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Apologies for the fairly basic question. We are a fast growing business (12 employees and roughly planning to double in next two years)

Part of our work involves direct connection to our customer networks. Typically we do this via VPNs.

A new and larger than usual customer is asking for a lot of info regarding our firewall and configuration and it seems wants to set up a site-to-site VPN.

We have been running well for some time on a leased line with a good quality router. We open certain ports (such as web, VPN) and forward them to the appropriate IP addresses internally.

We are also moving to a new office and trying to set things up well/better there.

As well as the above should we have a hardware firewall? What is the advantage over a router that only opens certain ports?

A basic firewall such as SonicWall SOHO seems to be the way to go. If we bought this, it would sit in between the router and the rest of the network? And we would just leave everything open on the router to allow the firewall to manage the connections? And it would still allow us to route the right ports through to where they need to go?

We may need to engage some experts, but we have considerable network experience in house but not with this aspect. So hoping we can handle it ourselves with a bit of a steer.

Appreciate any help.

Thanks,

James

  • Product recommendations are off-topic here. – Ron Trunk Sep 5 '15 at 14:15
  • Did any answer help you? if so, you should accept the answer so that the question doesn't keep popping up forever, looking for an answer. Alternatively, you could provide and accept your own answer. – Ron Maupin Aug 12 '17 at 5:49
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While product recommendations are off-topic for this forum, you are correct that the firewall should be placed between the router and the rest of the network. The big change is that now the default gateway of all your PCs will point to the firewall instead of the router. Similarly, the router now points to the firewall instead of the internal network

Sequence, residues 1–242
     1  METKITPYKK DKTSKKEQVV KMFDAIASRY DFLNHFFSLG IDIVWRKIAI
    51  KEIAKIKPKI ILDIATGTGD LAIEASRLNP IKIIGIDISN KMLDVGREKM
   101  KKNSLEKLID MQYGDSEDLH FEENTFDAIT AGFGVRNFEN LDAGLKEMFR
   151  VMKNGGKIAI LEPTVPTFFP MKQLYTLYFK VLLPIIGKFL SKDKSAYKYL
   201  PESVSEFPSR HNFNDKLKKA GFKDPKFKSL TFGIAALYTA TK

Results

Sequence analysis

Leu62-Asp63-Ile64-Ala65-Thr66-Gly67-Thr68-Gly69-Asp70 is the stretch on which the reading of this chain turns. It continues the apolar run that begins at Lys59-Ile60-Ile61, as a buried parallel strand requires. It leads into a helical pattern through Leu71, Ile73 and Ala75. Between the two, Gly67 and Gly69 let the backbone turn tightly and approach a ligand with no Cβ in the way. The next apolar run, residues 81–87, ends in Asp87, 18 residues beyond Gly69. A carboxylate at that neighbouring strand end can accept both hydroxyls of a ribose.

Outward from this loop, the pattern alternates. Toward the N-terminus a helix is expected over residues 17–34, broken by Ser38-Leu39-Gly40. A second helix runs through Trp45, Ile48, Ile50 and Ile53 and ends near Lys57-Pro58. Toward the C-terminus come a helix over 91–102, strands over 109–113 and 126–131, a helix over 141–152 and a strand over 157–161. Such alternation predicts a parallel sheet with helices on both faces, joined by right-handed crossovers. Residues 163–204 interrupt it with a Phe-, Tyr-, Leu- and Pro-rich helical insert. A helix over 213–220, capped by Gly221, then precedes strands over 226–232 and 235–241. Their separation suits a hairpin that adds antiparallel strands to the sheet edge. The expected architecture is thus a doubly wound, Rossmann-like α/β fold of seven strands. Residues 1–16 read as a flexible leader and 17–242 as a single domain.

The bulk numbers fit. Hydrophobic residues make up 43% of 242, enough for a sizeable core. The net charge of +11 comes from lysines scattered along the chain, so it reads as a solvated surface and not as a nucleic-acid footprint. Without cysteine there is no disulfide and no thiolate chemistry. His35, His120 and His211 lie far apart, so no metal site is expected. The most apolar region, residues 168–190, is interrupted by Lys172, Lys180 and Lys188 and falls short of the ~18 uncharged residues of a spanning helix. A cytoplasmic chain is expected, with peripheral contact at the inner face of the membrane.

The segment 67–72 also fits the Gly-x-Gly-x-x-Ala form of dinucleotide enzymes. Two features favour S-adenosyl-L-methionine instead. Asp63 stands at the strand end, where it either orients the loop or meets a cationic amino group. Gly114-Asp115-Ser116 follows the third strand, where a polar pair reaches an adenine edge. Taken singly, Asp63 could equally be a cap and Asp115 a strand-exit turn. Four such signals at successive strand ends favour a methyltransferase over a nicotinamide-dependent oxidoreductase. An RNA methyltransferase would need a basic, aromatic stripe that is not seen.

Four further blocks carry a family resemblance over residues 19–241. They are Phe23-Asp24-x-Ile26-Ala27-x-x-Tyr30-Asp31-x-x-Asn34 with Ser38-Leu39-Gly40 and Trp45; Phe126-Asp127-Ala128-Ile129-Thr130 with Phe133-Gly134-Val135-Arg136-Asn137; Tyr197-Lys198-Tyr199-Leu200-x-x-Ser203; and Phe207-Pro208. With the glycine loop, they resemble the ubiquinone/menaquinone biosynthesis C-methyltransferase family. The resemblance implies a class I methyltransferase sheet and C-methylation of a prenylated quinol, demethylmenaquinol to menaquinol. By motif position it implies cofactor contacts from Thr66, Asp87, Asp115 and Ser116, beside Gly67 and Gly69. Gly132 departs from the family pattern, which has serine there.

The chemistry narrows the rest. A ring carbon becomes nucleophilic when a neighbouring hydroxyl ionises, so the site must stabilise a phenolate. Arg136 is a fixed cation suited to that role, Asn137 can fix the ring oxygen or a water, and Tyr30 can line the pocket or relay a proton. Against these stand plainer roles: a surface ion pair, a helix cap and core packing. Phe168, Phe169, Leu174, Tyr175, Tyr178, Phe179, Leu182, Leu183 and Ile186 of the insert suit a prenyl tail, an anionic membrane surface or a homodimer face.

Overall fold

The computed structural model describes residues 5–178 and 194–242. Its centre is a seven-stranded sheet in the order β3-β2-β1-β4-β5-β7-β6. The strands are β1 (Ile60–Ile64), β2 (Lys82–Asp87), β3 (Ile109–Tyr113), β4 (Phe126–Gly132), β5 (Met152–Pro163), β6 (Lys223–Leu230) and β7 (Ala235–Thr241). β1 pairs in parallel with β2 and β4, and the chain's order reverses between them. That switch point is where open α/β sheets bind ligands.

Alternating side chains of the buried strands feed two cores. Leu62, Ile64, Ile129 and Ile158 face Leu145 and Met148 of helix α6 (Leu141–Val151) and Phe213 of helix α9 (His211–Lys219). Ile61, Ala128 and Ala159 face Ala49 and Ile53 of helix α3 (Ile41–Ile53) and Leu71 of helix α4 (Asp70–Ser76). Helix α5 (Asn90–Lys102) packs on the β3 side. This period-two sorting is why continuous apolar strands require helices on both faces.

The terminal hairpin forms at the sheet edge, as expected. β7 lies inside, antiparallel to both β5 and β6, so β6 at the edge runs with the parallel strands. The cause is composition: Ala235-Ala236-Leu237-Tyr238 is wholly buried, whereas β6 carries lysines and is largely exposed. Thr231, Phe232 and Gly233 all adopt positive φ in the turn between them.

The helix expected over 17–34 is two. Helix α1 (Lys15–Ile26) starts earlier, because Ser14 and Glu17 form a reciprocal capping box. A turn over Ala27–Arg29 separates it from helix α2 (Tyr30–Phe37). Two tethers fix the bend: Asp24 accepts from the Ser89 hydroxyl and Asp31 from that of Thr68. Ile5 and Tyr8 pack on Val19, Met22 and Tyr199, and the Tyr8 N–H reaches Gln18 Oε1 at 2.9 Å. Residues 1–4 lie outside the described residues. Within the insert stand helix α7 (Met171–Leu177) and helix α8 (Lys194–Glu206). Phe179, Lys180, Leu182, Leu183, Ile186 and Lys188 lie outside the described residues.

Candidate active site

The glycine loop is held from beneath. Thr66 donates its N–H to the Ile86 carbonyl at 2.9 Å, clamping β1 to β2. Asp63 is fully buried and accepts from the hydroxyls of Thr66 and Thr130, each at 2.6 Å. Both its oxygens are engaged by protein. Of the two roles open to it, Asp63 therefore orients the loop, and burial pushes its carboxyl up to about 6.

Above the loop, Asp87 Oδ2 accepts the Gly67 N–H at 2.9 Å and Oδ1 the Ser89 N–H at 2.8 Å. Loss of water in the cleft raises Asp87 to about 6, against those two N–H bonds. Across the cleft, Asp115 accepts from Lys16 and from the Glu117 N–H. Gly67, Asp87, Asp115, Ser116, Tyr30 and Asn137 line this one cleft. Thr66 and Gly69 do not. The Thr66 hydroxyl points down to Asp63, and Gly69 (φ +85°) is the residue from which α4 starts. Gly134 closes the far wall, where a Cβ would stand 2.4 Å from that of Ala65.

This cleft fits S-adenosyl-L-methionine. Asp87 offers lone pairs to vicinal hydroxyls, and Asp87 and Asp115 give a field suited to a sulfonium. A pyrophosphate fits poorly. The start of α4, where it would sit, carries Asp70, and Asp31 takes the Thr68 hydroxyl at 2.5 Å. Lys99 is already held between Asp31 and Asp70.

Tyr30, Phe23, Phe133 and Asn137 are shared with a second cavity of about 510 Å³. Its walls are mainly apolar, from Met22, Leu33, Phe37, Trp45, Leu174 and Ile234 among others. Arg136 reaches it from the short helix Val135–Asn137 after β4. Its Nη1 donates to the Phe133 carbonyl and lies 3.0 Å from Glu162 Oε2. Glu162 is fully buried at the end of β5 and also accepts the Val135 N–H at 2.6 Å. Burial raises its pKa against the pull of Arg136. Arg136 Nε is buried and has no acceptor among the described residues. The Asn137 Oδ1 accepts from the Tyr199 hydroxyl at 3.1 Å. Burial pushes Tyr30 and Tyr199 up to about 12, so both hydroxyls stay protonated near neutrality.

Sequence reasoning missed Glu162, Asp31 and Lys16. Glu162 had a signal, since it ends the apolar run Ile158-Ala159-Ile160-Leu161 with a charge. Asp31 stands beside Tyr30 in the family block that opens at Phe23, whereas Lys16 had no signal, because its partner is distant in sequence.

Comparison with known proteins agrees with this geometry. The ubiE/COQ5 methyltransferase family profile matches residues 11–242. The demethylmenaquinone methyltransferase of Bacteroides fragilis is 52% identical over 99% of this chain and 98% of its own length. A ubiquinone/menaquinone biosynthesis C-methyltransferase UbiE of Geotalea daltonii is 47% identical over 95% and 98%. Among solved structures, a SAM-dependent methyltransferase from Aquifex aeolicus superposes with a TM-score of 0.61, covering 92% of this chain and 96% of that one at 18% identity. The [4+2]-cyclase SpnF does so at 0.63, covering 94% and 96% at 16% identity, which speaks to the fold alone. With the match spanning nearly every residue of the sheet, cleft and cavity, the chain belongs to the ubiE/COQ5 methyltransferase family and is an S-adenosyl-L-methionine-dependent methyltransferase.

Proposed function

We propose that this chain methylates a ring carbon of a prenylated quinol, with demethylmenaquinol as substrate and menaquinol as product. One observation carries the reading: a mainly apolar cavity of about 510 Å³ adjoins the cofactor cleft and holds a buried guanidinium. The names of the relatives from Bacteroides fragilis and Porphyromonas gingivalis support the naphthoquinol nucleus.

For those devices that are accessible from the outside, good practice says to put them on a separate network (called a DMZ) and a separate interface on the firewall. You should only allow the necessary ports into the DMZ from the outside.

To implement a site-to-site VPN, a hardware router makes things much easier. You also want to limit inbound traffic from the VPN tunnel.

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  • Thank you Ron. Does the firewall end up providing our VPN for us too, or I suppose the alternative is to put our VPN server (which is currently a standalone Linux machine that just does that) in the DMZ? – James Sep 7 '15 at 10:28
  • Yes most hardware firewalls will terminate the VPN tunnel for you . – Ron Trunk Sep 7 '15 at 12:04
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Just check the subscription model of the SonicWall.. I'v heard it can be rather, unappealing.

Are you part of the IT Dept of this fast growing company? If not, I'd outsource the work to a company with a decent rep, or perhaps there are users on here that can do consulting for you. Unfortunately with security, you only have to be wrong once, to have a MAJOR headache on your shoulders.

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Regarding router vs. firewall, firewall appliances nowadays incorporate the router functionality which makes a dedicated router obsolete. You do need some device to interface with the WAN line, and preferably a modem (xDSL, fiber,...).
Often, your ISP supplies this access device, and if it is a router it should be configured to let traffic out and in without any policing; that is up to the firewall.
For a site-to-site VPN the terminating VPN gateway needs a public IP address. A modem just hands over the traffic so it doesn't 'use' the WAN IP address for itself; a router does, and you would have to take care your firewall gets one as well (a second one).
If you look for a firewall think about content security as well - anti-virus, IPS and so on. Vendors handle this differently. SSL inspection is another topic as the majority of malware comes in on encrypted traffic (mail, browsing). You will notice at this point that advice from an experienced professional might be due.

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